Let's go back to sales 101, benefit selling and the non-stick frying pan.
Sell on benefits.
How do you know you've got a benefit? The "so what?" test.
You: "I've developed a non-stick frying pan"
Them: "So what?"
You: "So your fried eggs don't stick?"
Them: "So what?"
You: "So when you have your fried breakfast on Sunday morning, your eggs have the runny yolks you like so much and haven't broken"
Them: "Gotcha, I'll take one"
The problem with that as it relates to website design is .. it's a sales technique. It's dialogue, getting to know the customer one-on-one.
Some customers will want a non-stick frying pan because it makes washing up easier.
Some will want it because when they seal meat, it's easier to get all the crinkly, tasty bits into gravy.
So now we have three different messages we want to deliver to three different people who might all arrive on our website home page. How do we handle that?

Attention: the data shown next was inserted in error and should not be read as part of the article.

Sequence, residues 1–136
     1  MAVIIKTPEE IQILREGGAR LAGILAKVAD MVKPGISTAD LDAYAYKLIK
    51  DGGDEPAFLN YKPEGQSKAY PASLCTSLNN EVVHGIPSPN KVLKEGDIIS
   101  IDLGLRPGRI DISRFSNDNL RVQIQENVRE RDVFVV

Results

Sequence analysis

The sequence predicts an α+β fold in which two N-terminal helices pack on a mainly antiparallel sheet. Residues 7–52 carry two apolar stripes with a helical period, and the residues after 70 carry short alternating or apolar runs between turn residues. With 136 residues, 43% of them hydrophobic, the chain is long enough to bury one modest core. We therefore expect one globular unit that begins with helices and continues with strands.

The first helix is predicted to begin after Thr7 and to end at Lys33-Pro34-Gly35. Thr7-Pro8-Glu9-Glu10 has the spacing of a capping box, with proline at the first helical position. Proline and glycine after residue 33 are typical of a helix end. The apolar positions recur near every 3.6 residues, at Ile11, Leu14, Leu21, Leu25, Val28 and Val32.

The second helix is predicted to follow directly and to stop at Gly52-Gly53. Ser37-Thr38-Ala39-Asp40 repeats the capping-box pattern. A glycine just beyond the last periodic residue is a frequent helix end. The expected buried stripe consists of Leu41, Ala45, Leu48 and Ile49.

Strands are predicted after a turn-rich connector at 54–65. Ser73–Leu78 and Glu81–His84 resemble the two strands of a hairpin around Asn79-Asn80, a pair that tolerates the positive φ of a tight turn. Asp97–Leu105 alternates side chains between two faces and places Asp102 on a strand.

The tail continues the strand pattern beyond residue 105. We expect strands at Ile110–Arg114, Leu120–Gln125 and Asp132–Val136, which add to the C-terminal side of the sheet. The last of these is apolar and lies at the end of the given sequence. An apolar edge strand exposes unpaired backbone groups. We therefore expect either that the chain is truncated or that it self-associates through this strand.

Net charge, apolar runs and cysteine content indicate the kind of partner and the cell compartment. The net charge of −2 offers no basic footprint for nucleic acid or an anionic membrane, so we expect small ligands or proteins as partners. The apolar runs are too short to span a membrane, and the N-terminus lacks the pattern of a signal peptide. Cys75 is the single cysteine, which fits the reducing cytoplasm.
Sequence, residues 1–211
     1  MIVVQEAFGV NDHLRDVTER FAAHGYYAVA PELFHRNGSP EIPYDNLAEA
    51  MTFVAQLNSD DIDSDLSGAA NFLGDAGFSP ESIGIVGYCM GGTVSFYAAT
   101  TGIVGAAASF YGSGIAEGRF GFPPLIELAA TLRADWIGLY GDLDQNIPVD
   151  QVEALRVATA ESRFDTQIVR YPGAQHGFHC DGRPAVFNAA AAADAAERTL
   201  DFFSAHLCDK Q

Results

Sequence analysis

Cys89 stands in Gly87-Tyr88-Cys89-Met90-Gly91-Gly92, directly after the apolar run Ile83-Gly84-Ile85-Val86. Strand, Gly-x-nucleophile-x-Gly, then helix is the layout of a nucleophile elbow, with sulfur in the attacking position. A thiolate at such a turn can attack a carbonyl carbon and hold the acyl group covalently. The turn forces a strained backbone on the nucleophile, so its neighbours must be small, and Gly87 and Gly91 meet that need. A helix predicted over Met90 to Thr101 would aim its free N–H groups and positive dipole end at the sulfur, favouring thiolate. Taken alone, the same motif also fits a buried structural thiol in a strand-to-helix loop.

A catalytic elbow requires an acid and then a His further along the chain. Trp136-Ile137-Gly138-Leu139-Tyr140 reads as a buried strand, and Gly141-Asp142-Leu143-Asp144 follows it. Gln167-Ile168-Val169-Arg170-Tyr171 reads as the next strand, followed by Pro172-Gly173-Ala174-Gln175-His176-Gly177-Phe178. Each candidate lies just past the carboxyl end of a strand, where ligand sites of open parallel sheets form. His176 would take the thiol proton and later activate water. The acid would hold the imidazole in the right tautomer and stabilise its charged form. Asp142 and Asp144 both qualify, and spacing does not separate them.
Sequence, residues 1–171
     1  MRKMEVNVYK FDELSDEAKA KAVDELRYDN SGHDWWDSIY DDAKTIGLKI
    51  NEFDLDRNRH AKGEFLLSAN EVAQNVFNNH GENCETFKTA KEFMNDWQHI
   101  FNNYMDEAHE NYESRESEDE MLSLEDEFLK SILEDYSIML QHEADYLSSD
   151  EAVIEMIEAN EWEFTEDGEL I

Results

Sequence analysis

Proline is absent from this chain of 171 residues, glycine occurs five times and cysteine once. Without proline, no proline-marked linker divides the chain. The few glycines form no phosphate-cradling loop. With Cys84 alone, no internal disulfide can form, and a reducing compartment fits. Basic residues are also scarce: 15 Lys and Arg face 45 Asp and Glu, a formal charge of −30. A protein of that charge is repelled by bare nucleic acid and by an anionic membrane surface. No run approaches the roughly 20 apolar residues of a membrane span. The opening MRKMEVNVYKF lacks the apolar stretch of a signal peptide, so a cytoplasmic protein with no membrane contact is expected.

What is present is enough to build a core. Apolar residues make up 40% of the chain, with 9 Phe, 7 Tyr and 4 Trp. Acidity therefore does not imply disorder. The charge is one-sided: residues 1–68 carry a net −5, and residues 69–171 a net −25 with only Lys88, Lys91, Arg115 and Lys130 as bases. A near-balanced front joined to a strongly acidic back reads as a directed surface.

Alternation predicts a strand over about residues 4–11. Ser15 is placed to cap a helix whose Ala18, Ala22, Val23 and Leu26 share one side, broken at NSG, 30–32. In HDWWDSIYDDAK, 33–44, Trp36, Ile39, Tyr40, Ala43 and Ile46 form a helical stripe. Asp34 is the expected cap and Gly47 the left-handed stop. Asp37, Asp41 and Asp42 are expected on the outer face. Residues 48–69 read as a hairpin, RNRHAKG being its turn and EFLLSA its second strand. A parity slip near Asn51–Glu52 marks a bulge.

Website home page design splits into two camps and both are right.
For some situations, a zen-like web design works best. I keep recommending Octopus Energy for this.
For other situations, a busy website design really works. It seems to get people excited like it's a rummage sale. Loads of interesting stuff. Magaziney.
Both work .. it depends.
OK, back to our buyers.
When people search online to find a solution, they type a short phrase into Google and when the results are too broad, they augment their search term to make it longer and more specific until they see some good options and then they start clicking.
Short search phrases are research phrases. Long search phrases are buying phrases.